Completion Grants: An Evaluation of Experimental Findings on College Attainment

Completion Grants: An Evaluation of Experimental Findings on College Attainment

December 2021

Sara Goldrick-Rab, Christine Baker-Smith, Travis York, Kallie Clark, Douglas Webber, and Christel Perkins

Financial shortfalls in the final years of college, created by escalating costs and/or declining financial aid, lead many students to leave college without degrees in hand. Completion grants, an increasingly popular approach to improving college completion, provide additional financial support to students struggling with financial hurdles during the final stretch of their degree program.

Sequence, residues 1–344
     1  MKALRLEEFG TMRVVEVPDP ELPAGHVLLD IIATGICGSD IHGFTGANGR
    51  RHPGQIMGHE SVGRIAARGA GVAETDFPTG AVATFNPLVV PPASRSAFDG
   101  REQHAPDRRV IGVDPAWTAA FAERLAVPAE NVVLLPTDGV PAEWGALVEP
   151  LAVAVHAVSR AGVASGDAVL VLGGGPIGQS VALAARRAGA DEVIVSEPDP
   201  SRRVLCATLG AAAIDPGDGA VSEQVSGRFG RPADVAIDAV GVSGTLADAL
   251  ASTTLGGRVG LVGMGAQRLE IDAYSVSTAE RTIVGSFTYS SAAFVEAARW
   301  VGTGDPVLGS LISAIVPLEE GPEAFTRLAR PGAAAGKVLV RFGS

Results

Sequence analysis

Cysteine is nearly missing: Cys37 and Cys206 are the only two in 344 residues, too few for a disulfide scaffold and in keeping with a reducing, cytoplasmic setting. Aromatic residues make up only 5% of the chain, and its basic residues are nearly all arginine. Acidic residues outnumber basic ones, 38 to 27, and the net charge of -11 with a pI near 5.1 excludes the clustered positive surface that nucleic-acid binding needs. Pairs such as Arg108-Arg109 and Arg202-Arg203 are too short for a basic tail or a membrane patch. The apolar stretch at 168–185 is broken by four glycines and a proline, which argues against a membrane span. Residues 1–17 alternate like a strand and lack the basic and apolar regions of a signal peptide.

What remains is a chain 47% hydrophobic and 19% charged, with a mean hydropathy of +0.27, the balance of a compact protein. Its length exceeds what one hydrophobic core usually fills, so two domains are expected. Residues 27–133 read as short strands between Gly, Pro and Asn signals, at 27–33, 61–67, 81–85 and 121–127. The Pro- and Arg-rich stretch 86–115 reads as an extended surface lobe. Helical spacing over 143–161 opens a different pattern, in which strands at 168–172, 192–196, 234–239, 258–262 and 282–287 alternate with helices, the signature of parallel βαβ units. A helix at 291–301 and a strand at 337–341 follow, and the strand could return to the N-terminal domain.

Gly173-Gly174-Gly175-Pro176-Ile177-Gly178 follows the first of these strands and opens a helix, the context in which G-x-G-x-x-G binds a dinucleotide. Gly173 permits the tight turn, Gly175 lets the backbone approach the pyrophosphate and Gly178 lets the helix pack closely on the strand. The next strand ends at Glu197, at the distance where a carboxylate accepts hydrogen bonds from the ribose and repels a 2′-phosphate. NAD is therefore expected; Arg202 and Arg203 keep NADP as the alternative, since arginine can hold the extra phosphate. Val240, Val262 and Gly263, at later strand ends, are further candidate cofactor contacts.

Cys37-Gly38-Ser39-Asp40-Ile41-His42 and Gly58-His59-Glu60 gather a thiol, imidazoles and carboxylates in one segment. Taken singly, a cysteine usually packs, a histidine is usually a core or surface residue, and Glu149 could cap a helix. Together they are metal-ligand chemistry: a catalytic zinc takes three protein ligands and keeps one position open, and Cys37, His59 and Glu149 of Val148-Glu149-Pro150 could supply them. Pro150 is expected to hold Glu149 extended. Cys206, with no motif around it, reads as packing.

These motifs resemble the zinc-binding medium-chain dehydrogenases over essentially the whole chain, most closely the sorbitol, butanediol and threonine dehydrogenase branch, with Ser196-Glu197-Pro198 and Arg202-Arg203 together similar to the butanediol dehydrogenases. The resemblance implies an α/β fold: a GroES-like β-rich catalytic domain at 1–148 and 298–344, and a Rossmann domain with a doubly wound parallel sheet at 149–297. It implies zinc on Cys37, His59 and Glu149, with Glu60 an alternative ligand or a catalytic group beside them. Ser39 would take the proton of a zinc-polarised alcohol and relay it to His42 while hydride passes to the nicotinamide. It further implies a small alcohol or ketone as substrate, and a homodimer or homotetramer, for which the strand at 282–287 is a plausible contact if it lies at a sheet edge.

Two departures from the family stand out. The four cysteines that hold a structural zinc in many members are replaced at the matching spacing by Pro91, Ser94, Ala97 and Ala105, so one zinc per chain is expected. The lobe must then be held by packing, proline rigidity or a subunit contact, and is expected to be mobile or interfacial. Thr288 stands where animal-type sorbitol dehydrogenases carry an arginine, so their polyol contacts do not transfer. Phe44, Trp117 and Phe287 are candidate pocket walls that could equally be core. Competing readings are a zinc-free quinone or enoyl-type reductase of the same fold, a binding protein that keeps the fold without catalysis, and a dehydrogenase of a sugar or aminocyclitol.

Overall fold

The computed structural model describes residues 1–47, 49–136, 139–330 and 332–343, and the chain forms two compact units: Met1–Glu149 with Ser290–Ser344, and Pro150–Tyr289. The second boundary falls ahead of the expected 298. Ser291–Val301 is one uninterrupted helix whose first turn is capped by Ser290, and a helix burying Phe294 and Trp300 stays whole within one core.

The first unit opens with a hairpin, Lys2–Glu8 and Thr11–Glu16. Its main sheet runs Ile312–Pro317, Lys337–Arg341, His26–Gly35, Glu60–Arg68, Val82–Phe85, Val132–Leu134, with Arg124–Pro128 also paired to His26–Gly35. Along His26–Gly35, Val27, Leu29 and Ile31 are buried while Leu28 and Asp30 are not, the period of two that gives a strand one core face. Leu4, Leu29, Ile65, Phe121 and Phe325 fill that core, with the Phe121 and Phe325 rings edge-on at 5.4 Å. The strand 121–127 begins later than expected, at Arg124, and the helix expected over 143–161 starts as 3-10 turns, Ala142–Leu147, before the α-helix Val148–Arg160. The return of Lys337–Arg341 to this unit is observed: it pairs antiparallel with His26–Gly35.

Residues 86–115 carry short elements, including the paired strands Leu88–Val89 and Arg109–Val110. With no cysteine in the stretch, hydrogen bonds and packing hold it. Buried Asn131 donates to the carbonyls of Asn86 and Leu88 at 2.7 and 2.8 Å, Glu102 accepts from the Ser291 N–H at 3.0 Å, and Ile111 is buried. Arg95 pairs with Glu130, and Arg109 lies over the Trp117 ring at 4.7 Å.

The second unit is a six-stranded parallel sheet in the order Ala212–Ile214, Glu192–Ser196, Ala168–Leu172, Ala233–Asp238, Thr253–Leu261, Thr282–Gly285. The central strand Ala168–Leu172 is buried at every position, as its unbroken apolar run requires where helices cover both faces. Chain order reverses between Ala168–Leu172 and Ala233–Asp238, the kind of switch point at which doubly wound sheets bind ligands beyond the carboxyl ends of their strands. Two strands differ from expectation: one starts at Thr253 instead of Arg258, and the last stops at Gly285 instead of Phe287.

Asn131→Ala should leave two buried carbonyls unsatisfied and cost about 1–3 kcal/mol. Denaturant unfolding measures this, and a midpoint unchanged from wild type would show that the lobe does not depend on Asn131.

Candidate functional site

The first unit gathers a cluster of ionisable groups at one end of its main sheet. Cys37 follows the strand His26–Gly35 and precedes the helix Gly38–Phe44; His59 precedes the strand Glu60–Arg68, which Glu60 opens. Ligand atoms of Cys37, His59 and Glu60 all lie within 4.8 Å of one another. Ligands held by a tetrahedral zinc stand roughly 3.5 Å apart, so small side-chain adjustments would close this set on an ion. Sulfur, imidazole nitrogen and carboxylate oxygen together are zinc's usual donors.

While there is descriptive and anecdotal evidence that these programs may have positive impacts, this study offers the first analysis of the causal impact of completion grants on academic outcomes at 11 broad- and open-access universities.

We find no evidence of positive impacts on academic outcomes for students in the aggregate or for students parsed by identifiable subgroups. Standard completion grant programs may be exacerbating inequality, not ameliorating it.

This working paper is part of The Hope Center’s Completion Grants project. The research reported here is supported by the Institute for Education Sciences, U.S. Department of Education, through Grant R305N170020 to Temple University. The opinions expressed are those of the authors and do not represent views of the Institute or the U.S. Department of Education.